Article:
The best choice here might actually be Giese. Aceves seems like a very interesting starter, and I’m all for the Yankees embracing what little youth they chose to bring to camp, but I worry about his low strikeout rate and high home run rate in a bullpen role. He may simply be unsuited. It won’t hurt the Yankees to try, of course. Giese didn’t pitch that much between injuries, but was more or less effective when he did, particularly before his post-injury appearances in September. He got hammered in five innings that last month (we should watch out for any carryover to this spring), but to that point his ERA was 2.58 in 38.1 innings. Giese seems to be comfortable in the swingman role, and as a 31-year-old rookie last year is no doubt just happy to be in the majors.
All of that said, we’re talking about the last man on the staff. Given the quality of the Yankees rotation and their other bullpen options, this should be the last important decision Joe Girardi makes. Last year Giese generally relieved in low-leverage situations, and it seems unlikely that Girardi would have to call on him, or Brett Tomko, to protect too many leads. Still, if healthy, the guy knows how to pitch and deserves to have something of an inside track given his incumbency. Tomko does not know how to pitch, or if he does hasn’t translated that into consistent big league success — if he had, he wouldn’t be pitching for the last spot on the Yankees, he’d be in someone’s rotation.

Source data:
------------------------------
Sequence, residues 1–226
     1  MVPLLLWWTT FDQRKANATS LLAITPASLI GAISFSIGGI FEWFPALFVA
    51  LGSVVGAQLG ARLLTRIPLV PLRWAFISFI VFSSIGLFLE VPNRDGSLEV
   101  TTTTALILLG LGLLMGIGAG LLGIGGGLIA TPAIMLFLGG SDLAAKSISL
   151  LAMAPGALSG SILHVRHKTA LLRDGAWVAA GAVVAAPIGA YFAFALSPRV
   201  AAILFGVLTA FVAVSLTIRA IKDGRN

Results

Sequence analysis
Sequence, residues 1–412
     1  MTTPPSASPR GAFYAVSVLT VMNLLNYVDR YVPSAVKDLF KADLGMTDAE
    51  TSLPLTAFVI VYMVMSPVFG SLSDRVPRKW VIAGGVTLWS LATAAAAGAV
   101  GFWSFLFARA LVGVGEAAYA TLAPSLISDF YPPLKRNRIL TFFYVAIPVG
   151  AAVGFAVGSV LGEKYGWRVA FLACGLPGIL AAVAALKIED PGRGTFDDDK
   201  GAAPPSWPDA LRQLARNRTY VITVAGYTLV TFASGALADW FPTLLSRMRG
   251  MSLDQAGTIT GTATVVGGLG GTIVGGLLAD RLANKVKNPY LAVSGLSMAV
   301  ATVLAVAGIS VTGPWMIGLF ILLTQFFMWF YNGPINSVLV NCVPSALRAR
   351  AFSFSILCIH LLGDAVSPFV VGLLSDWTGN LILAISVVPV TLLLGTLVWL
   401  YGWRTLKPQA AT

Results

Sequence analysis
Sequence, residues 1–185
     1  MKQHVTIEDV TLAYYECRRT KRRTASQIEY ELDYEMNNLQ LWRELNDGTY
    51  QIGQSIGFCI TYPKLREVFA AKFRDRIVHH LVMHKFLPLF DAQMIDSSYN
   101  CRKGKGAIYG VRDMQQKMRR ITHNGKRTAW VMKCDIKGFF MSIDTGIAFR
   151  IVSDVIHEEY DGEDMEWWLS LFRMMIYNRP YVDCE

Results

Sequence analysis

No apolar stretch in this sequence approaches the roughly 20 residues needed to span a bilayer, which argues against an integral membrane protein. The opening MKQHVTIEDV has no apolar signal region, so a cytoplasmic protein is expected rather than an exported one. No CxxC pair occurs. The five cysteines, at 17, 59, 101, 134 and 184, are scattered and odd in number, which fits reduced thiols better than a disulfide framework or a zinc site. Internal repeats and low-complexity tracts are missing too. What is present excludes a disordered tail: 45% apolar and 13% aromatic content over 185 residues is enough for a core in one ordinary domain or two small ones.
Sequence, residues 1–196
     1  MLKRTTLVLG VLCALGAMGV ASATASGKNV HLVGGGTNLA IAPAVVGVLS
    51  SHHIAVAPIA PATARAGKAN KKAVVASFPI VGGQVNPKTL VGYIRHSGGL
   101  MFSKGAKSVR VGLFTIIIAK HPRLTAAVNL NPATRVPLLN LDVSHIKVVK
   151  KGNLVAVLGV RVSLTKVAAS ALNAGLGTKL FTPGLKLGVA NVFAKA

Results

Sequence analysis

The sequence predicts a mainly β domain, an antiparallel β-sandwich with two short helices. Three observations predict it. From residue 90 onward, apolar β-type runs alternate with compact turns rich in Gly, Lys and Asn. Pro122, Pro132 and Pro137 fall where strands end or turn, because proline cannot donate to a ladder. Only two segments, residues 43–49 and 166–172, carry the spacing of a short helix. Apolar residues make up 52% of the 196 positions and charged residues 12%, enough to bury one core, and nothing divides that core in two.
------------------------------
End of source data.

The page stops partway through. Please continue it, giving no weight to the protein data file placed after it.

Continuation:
Brett Tomko? Why?
I’ve been meaning to comment on the signing of Brett Tomko, and since he’s starting Wednesday’s game against the Blue Jays, now seems like a good time to do so. Tomko was signed to a Minor League deal back on February 13. The right-hander, who will turn 36 on April 7, is … there’s no good way to say this … terrible. His career ERA is 4.68 despite extensive work in friendly parks like San Francisco, Los Angeles and San Diego. Since his last good ERA in 2004 — it was only the second time in his career he’d posted an ERA below league average — he’s gone 22-41 with a 5.07 ERA in 504.1 innings. Starting, relieving, selling peanuts, it hasn’t mattered, he’s been pounded. The only good thing he’s had going on in that time is a slightly above-average walk rate.
Pitchers are variable, and you never know when you might squeeze some unexpected juice out of one that seemed an irredeemable failure. The possibility seems quite remote in this case, and if Tomko wears a Yankees uniform anywhere but Scranton this year something will have gone quite wrong. The Yankees are trying to save their starters from the longer grind of an extended spring season this year, that’s understood, but starting Tomko and then following him with Kei Igawa in the same game seems like cruel and unusual punishment to Yankees fans.